Led Zeppelin’s Biggest Hit Songs

Led Zeppelin has made many iconic songs in rock and roll history. While many have stood the test of time, others varied in popularity when they first debuted. Led Zeppelin has plenty of hit songs, but only a few blew up on the charts. Here are a few of Led Zeppelin’s biggest hits

Here are some of the biggest songs from Led Zeppelin

‘Whole Lotta Love’ peaked at No. 4

Robert Plant and Jimmy Page of Led Zeppelin perform their songs at Live Aid in 1985
Robert Plant and Jimmy Page | Ron Galella/Ron Galella Collection via Getty Images

“Whole Lotta Love” debuted in 1969 and peaked at the highest point on the Billboard Hot 100. Led Zeppelin never had a No. 1 hit, and “Whole Lotta Love” is the only one to reach the top 10. The song remained on the charts for 15 weeks and peaked in 1970. It was the band’s first hit in the United States and is certified gold. 

“Whole Lotta Love” is the opening single on the band’s second album, Led Zeppelin II. It is best known for its iconic guitar riff, and it was first performed on April 26, 1969. Part of the lyrics was taken from “You Need Love,” recorded by Muddy Waters in 1962. 

‘Black Dog’ peaked at No. 15

“Black Dog” is the opening song on Led Zeppelin’s fourth untitled album, debuting in 1971. It was released as a single and reached the charts in several countries. It peaked at No. 15 on the Billboard Hot 100, remained on the charts for 12 weeks, and peaked in 1972. 

The song was named after a black Labrador Retriever who wandered around the Headley Grange studio while Led Zeppelin recorded the album. It features a call and response between the singer and the band and is inspired by Fleetwood Mac’s 1969 song, “Oh Well.” “Black Dog” was first performed at Belfast’s Ulster Hall on March 5, 1971, the same concert that featured the first performance of “Stairway to Heaven.”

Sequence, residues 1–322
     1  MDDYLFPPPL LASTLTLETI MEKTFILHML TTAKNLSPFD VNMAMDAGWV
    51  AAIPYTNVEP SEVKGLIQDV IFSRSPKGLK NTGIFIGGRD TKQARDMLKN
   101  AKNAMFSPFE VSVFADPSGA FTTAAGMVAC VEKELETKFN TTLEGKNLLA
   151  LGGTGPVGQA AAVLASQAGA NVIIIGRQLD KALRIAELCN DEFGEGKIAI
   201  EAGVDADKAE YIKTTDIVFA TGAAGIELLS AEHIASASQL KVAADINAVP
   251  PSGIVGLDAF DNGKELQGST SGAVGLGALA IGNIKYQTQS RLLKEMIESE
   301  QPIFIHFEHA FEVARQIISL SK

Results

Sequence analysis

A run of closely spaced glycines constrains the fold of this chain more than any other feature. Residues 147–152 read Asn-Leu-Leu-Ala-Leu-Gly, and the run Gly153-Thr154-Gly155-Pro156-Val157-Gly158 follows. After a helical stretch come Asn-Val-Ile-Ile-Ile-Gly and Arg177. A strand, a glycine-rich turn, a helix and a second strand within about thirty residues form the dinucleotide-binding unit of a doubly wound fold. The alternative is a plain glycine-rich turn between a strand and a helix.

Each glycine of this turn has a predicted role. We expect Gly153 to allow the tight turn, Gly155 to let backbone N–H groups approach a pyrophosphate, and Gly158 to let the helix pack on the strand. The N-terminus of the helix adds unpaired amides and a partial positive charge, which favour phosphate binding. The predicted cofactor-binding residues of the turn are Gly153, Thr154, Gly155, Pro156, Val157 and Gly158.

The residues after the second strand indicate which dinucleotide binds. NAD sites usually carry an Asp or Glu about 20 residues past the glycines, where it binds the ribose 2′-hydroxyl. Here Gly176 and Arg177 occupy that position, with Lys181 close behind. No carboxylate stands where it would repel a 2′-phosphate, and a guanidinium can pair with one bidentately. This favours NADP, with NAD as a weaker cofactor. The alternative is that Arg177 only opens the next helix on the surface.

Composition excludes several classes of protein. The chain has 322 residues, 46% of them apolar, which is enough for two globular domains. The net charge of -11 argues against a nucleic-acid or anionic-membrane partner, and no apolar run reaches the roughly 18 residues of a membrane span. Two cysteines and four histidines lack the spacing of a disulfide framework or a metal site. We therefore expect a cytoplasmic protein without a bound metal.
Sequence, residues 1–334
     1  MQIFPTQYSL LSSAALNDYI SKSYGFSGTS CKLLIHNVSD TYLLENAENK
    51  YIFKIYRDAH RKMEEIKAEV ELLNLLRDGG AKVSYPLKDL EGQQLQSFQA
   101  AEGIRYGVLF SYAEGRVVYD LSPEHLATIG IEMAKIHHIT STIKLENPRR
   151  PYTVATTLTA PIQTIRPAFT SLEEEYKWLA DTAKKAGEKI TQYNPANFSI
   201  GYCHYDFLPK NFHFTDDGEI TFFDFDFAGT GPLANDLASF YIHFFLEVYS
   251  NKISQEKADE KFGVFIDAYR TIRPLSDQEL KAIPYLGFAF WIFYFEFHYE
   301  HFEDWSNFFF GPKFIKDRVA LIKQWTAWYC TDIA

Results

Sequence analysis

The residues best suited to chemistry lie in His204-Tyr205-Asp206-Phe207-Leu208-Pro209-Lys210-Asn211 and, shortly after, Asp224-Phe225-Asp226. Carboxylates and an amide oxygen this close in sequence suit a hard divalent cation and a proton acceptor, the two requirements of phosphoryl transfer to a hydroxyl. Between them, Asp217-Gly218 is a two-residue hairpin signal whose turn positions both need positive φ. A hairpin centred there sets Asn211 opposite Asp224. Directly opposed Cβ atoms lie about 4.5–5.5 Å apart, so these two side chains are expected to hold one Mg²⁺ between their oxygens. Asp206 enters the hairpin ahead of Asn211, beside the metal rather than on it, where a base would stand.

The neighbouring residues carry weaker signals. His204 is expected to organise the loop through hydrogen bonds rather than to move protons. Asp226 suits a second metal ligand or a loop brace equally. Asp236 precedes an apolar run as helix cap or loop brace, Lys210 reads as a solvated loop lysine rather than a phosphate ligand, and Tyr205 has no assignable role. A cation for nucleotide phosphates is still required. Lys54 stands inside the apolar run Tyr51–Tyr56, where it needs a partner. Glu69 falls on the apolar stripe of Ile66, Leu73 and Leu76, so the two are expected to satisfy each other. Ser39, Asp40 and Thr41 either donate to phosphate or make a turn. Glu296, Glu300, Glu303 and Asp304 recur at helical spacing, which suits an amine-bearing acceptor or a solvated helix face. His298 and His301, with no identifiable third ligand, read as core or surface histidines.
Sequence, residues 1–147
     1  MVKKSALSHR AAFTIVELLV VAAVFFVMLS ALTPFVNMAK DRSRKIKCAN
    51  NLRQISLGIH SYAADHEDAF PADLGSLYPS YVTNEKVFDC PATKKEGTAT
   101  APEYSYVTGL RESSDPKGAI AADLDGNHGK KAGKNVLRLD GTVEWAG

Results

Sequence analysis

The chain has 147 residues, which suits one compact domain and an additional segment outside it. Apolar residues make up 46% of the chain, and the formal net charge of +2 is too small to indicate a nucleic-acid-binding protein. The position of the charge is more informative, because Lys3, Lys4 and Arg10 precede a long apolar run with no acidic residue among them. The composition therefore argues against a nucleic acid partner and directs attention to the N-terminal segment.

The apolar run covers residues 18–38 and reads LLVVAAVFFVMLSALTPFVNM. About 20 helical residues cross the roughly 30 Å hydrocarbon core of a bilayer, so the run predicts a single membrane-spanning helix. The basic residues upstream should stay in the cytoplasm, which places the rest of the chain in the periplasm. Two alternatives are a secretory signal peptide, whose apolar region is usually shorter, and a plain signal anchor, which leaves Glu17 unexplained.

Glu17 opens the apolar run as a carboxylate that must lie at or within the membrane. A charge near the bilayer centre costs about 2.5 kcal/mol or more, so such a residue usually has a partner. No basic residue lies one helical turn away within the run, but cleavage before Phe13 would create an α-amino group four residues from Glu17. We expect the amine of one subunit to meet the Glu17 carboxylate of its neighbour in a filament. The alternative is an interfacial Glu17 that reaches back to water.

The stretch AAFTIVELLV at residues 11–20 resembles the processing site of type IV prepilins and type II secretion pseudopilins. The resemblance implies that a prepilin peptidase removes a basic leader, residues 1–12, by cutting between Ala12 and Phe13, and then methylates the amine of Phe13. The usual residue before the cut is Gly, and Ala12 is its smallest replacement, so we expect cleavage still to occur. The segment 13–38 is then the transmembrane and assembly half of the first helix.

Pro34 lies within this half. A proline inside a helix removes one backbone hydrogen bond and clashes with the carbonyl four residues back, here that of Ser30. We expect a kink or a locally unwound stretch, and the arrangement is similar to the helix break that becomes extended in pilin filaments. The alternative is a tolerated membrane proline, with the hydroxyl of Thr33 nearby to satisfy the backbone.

“Immigrant Song” peaked at No. 16

“Immigrant Song” debuted in 1970 on the album Led Zeppelin III. The song peaked at No. 16 on the Billboard Hot 100 in 1971 and remained on the chart for 13 weeks. “Immigrant Song” was written during the band’s tour of Iceland, Bath, and Germany. Plant was inspired by Iceland and included Norse mythology in the song with lyrics such as “Hammer of the gods” and “Valhalla, I am coming.”

While “Immigrant Song” isn’t Led Zeppelin’s most acclaimed song, it might be their most recognizable due to its inclusion in pop culture. The hit was most recently used in Thor: Ragnarok and was sung by Jack Black in School of Rock

‘D’yer Mak’er’ is the longest Led Zeppelin song on the chart

“D’yer Mak’er” debuted in 1973 on Houses of the Holy. The song peaked at No. 20 in 1973 and it remained on the Billboard Hot 100 for 16 weeks, the longest duration for any Led Zeppelin song. The title is a play on how the band thought “Jamaica” sounded when pronounced with an English accent.

“D’yer Mak’er” was initially met with skepticism from critics as many were unsure what to make of a Led Zeppelin song containing reggae influence. To this day, many consider it one of the band’s strangest songs. In a 1977 interview, guitarist Jimmy Page was confused by the mixed reactions and said the song was a “cross between reggae and a ‘50s number ‘Poor Little Fool.’”

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